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New Study Shows Protecting Your Heart May Begin in Your Mouth

A number of recent studies have linked poor dental hygiene to an increased risk of cardiovascular disease. According to the World Health Organization (WHO) heart disease is the number one cause of death worldwide, claiming more than 17 million people a year.

Most people know that obesity, high cholesterol, and smoking can all increase your risk of developing heart disease. But based on recent research associating gum disease with heart disease, we may need to add poor dental hygiene to the list.

This may come as no surprise to some people. After all, the mouth is one of the dirtiest places in the human body, where over 700 different kinds of bacteria flourish.

A recent study from the University of Bristol in Britain attempted to uncover the hidden link between oral hygiene and heart disease. Researchers mimicked the pressure inside blood vessels to test what happens when bacteria from the mouth enter the bloodstream.

The simulation showed that when bacteria enter the bloodstream through bleeding gums, blood platelets clump around and encase them. According to Howard Jenkins at the University of Bristol, this clumping acts as a protective barrier and could be the reason why antibiotics sometimes don't work in treating infectious disease.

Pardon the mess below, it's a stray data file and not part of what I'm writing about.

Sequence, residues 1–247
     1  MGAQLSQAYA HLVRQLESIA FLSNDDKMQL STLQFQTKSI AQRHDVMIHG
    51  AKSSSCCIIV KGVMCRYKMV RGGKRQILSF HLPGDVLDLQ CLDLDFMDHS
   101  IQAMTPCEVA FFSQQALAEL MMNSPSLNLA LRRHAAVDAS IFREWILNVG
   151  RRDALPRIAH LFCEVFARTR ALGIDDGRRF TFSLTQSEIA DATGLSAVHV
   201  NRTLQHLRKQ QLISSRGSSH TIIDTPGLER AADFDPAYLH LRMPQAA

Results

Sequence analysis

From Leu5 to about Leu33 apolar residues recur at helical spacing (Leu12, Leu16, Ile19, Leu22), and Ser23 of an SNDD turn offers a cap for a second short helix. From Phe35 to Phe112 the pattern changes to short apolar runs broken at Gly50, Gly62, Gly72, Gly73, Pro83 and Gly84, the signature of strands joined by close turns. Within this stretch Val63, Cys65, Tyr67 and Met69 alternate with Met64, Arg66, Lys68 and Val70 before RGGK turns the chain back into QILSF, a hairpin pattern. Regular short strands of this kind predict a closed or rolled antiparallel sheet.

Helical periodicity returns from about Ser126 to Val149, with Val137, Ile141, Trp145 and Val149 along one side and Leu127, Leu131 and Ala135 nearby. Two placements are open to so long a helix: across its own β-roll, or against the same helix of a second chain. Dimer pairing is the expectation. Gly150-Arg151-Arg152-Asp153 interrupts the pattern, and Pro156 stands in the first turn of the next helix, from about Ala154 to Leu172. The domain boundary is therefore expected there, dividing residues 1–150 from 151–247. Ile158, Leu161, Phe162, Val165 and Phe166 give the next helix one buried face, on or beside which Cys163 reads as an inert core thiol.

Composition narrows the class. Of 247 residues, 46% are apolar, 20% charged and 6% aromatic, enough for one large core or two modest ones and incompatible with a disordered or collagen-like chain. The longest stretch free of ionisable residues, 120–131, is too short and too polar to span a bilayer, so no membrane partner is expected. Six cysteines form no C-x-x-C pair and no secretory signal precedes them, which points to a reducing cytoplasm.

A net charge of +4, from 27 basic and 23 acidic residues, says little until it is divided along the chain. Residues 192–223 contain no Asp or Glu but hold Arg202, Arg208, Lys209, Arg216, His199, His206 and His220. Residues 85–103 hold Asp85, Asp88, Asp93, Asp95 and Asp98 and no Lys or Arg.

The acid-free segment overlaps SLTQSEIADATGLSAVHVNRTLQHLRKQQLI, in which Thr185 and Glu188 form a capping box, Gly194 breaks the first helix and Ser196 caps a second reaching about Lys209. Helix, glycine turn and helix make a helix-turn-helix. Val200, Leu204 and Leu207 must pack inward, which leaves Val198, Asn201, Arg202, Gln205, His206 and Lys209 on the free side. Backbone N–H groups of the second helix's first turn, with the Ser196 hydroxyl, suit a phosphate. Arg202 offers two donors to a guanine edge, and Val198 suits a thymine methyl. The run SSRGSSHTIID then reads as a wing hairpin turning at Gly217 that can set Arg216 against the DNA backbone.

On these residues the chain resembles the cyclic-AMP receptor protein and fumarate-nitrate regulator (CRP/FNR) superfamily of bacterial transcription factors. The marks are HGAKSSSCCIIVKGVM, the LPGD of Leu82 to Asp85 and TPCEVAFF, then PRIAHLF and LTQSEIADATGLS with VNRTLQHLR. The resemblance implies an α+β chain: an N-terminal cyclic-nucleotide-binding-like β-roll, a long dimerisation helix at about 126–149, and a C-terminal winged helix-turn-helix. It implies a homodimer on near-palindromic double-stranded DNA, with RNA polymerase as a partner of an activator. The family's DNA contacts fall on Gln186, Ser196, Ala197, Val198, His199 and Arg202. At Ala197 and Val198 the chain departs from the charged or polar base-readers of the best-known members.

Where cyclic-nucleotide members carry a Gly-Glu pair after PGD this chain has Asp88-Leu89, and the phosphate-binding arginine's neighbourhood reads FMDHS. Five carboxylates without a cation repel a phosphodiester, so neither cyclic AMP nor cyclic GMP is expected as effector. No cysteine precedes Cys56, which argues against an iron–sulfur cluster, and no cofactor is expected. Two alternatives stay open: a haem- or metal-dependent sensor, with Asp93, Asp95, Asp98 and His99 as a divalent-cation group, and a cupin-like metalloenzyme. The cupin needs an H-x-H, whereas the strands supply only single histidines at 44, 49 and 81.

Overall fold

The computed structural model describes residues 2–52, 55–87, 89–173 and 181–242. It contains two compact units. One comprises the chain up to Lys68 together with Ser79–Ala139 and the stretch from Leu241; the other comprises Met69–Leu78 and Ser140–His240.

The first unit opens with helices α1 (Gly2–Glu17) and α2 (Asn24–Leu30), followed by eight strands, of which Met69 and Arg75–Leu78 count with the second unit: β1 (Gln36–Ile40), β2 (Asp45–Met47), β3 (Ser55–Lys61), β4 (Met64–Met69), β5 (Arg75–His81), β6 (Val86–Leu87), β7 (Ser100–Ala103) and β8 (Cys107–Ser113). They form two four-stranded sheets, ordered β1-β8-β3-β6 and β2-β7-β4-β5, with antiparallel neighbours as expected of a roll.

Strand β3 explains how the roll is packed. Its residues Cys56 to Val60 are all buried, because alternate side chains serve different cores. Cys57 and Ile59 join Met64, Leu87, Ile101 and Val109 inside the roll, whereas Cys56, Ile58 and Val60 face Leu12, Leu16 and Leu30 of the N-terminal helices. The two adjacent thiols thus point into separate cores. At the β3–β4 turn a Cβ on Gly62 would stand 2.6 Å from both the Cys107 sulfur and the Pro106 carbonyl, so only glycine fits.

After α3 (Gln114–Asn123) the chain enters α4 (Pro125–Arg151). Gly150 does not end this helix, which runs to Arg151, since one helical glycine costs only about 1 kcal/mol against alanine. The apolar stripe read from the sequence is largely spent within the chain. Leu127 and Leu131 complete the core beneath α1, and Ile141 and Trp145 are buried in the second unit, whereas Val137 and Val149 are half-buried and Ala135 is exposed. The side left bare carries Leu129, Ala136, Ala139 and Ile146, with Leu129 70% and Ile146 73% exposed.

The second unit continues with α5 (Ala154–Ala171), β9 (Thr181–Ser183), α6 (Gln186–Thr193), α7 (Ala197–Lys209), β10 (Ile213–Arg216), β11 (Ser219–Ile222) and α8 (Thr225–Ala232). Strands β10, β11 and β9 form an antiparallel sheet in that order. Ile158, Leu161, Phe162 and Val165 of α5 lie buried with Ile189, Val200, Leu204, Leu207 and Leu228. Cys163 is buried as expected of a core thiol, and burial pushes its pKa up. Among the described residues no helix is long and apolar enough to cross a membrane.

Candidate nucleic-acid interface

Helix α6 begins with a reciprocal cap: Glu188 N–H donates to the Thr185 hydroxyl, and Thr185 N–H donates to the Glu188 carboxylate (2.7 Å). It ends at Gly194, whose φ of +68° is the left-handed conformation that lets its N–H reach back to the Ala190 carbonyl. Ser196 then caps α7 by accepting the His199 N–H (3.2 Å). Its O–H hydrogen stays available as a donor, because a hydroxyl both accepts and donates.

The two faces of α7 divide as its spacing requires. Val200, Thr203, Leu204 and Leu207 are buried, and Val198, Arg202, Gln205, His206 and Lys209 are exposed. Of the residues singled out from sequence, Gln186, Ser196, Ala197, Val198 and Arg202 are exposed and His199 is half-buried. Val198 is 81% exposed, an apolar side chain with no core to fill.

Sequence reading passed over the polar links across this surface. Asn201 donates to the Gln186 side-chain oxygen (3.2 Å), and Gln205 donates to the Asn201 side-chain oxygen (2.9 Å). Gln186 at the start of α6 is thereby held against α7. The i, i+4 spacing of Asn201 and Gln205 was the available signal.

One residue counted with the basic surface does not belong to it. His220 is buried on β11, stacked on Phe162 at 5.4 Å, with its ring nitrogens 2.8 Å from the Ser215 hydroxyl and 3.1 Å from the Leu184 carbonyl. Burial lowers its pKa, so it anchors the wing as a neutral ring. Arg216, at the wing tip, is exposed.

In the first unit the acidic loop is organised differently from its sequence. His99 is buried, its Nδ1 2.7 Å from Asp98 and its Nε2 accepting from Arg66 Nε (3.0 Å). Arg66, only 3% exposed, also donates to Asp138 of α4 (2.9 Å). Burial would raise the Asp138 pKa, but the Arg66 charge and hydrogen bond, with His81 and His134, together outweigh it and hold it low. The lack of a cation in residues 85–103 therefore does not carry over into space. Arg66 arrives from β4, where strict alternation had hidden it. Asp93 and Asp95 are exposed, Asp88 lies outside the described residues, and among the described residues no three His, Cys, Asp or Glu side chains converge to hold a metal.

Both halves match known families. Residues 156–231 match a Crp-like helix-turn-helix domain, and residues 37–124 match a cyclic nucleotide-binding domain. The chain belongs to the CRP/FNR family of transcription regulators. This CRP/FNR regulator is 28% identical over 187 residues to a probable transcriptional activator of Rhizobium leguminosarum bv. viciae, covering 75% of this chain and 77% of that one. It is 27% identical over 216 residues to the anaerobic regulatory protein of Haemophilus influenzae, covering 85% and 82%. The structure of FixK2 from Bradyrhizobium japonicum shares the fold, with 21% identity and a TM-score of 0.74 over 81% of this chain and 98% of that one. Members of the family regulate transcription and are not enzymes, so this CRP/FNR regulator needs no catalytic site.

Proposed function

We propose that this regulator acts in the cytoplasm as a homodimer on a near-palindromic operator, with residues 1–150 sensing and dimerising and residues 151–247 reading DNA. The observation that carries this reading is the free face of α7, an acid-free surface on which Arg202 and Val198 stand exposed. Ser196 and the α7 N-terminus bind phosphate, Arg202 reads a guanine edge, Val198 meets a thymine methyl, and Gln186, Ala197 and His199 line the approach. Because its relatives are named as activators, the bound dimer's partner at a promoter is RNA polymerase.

Separate research from the University of Otago Dunedin in New Zealand found that bacteria in the mouth may also cause atherosclerosis. Atherosclerosis is a disease brought on by a buildup of fats, cholesterol, cellular waste, calcium and other substances in blood vessels and arteries. This build up is called plaque and can lead to heart attack or stroke.

According to the study results, published in the August 2008 issue of the Journal of Periodontology, when bacteria in the mouth get into the blood stream they release something called stress proteins. These foreign stress proteins trigger the immune system to launch an attack which can result in a buildup of white blood cells in artery tissues and lead to atherosclerosis.

There are many ways to keep your heart healthy. Diet and exercise are extremely important as well as coping with stress, not smoking, and getting regular blood pressure screenings. According to this research, brushing and flossing your teeth may be another simple way to help prevent heart disease.
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